Now is a great time to employ healthy credit habits. By paying your bills on time, keeping your utilization low and having a mix of credit accounts, you’ll be able to strengthen your credit – and keep it strong.
Although it’s hard to believe it right now, the first day of spring is March 20. With spring on the horizon, now’s a great time to clean up your credit.
First things first, begin by pulling all three of your credit reports and go over them carefully. Usually, you’re entitled to one free credit report each year from each of the three major bureaus (Experian, Equifax and TransUnion). But through the end of April 2022, you can access free credit reports weekly. So right now is the best time to get all three and examine them side-by-side, which makes it easier to spot errors. To pull your credit reports, go to annualcreditreport.com.
If you do find errors, the dispute process is fairly simple and can be found at any one of the bureaus’ websites. Take the time to do this and then make a note to check back in 30 to 45 days to be sure the problems have been corrected.
Review FICO’s factors
Remember that your FICO score is derived from five factors, worth varying percentages to the total: payment history (35 percent), credit utilization (30 percent), credit mix (15 percent), credit history (10 percent) and new credit (10 percent). Except for credit history, all of these factors are within your control.
Thirty-five percent of your credit score is based on your payment history, making it the most important FICO factor. Make sure that all your bills are paid on time every billing cycle. If you struggle with this, automate your payments. You will need to be sure you have funds available when those payments hit. So, you’ll need to know how much money you have in the bank at all times. You can also explore receiving notifications from your bank if your balance hits a certain point.
Next, take a look at your credit card balances because 30 percent of your score comes from credit utilization. If you have any that are at more than a 25 or 30 percent utilization (meaning the percentage of your total credit line you have used), paying those down to 25 percent or less will help a lot. If you are already at that level, try to get them down to single digits. Besides boosting your credit score, reducing your balances will also help your overall financial health.You might also consider making payments on your accounts more than once a month, especially if you put most purchases on credit cards. If you charge most everything to a credit card, earn rewards then pay it off each month, you won’t get into debt and you’ll earn something back for your spending. The problem with that, though, is that your card could hit a high credit utilization by the end of the billing cycle – even if you pay it off in full. If your issuer reports your card before you pay, your score is going to reflect that high utilization. You can alleviate this problem by making payments more often, such as twice a month instead of just once. Or, if you make a really large purchase, you might consider paying it off immediately. You will still earn your rewards, but you won’t take a credit score hit (even though it might be short-lived).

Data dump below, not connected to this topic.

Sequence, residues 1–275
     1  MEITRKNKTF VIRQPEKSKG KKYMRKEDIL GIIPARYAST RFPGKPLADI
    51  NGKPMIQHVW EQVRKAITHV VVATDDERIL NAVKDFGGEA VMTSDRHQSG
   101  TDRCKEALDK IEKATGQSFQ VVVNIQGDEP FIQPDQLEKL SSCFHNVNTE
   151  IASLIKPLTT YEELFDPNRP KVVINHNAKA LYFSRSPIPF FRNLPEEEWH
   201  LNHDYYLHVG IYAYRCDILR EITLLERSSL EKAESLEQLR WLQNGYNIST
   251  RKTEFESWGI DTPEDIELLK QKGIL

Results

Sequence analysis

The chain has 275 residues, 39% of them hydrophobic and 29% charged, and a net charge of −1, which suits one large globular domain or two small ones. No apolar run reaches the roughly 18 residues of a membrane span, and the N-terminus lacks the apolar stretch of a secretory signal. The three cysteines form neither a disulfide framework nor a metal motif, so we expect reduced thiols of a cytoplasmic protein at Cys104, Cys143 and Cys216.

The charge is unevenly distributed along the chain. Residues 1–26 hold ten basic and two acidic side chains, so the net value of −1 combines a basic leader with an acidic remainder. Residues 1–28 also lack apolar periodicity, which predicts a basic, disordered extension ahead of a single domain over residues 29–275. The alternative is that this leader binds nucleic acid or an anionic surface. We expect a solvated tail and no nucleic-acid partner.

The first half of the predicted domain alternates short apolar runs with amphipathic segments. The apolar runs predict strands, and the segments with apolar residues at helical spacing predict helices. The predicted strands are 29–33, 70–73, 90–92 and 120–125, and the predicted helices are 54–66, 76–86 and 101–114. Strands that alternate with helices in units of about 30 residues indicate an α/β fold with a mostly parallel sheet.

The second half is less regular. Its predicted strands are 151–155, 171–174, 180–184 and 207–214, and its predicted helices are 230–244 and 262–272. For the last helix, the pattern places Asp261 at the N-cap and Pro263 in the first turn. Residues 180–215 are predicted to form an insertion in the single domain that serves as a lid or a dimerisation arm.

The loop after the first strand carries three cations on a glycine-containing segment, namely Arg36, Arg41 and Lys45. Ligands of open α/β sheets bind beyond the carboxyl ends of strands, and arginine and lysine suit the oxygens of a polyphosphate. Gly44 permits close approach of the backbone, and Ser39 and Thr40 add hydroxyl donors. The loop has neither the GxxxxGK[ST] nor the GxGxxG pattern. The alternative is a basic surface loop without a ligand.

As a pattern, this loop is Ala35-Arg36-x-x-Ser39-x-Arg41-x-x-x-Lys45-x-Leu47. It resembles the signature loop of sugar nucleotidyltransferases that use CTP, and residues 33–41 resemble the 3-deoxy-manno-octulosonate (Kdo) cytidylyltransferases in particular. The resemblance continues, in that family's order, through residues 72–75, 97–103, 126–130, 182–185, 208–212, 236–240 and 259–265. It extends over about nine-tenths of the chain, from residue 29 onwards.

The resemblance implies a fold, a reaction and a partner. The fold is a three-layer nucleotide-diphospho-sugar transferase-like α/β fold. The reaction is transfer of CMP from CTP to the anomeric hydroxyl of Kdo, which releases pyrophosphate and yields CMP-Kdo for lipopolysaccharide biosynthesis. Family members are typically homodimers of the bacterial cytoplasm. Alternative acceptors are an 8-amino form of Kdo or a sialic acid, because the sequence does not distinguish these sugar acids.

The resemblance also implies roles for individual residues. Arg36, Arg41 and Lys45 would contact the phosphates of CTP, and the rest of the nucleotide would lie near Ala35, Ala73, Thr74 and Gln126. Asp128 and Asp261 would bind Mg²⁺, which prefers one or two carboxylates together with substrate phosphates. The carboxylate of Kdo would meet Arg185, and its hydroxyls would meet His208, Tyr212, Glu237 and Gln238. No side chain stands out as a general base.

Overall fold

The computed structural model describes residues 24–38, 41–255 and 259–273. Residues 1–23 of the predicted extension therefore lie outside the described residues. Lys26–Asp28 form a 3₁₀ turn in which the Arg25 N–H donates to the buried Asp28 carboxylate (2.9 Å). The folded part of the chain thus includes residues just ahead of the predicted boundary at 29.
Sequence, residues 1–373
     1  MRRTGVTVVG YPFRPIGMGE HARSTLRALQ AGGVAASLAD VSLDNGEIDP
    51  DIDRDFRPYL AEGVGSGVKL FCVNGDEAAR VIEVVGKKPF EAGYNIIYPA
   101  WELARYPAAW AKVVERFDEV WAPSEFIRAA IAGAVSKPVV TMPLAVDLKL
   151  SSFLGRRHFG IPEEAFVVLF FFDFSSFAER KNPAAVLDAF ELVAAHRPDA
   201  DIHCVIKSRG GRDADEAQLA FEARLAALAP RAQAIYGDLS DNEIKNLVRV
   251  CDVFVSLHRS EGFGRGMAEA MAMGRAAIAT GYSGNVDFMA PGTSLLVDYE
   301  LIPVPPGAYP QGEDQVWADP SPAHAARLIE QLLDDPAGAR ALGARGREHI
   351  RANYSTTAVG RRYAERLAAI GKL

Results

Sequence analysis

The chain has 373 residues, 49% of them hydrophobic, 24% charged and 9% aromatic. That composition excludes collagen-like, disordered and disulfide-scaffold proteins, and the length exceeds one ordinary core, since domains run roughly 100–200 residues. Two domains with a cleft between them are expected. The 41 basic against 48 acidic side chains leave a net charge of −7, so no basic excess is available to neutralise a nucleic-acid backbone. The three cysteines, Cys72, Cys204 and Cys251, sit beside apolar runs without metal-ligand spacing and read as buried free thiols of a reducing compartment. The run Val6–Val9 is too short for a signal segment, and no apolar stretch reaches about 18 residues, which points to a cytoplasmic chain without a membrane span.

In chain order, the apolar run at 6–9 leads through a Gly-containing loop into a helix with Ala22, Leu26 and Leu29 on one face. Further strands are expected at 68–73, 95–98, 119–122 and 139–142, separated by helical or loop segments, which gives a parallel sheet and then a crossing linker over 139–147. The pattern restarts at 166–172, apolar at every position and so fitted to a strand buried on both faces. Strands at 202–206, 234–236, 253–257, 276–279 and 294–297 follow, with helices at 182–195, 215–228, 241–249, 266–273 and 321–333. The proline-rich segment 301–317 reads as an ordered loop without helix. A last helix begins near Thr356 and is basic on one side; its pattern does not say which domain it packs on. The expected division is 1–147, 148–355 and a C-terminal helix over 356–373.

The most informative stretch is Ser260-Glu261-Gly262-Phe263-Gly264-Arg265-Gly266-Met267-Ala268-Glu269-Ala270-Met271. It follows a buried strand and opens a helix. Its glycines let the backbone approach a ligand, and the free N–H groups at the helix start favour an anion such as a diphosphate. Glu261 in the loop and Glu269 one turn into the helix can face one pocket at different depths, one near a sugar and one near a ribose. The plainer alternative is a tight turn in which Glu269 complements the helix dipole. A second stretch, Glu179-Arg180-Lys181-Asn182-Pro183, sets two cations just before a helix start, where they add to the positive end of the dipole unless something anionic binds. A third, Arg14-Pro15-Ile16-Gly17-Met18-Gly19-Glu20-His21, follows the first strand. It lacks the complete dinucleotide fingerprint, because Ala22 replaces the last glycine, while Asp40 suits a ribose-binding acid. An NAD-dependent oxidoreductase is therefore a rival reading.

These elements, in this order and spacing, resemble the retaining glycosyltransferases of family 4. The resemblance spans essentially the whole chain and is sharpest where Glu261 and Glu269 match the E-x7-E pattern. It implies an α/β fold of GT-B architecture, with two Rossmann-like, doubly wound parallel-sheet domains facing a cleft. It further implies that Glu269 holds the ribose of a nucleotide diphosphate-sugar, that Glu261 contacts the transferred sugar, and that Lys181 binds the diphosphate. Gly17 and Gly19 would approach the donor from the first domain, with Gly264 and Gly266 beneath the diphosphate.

See related: The 30% credit utilization rule is a myth
If you have been a good customer, your card issuer may be open to increasing your credit limit, which will lower your utilization. But you should know that this could result in a hard inquiry to your credit report, which might temporarily bring your score down. The best time to ask for an increase is after a year of demonstrating you’re a good customer, your spending level has risen and your credit is in otherwise good shape. If you are successful in getting the limit increased, any dip from a hard inquiry should be more than outweighed by the decrease in your utilization. Some issuers don’t do a hard pull, so you could ask yours what their policy is and then make your decision.
You might also want to consider adding another card or account to your portfolio. Your credit mix will get stronger if you have multiple types of credit (for example, a credit card, a mortgage and a car loan). If your credit mix needs bumping up (you only have credit cards, for instance), you might consider a small personal loan with a fixed payment. This can be especially helpful if you have credit card debt with high interest rates. Taking a personal loan to pay off that debt will increase your mix and reduce your utilization. And if you get a lower APR, you can also save on interest. With this though, you are probably looking at a hard inquiry, which will affect your score. And again, be fairly sure that you will qualify before you take it out.
While I do not recommend chasing a perfect credit score, I am all for doing the things that can improve the score you do have. Even more important will be to continue those good practices all year long. Come next spring, you may not need a full-on cleaning, but just a touch-up.
Remember to keep track of your score!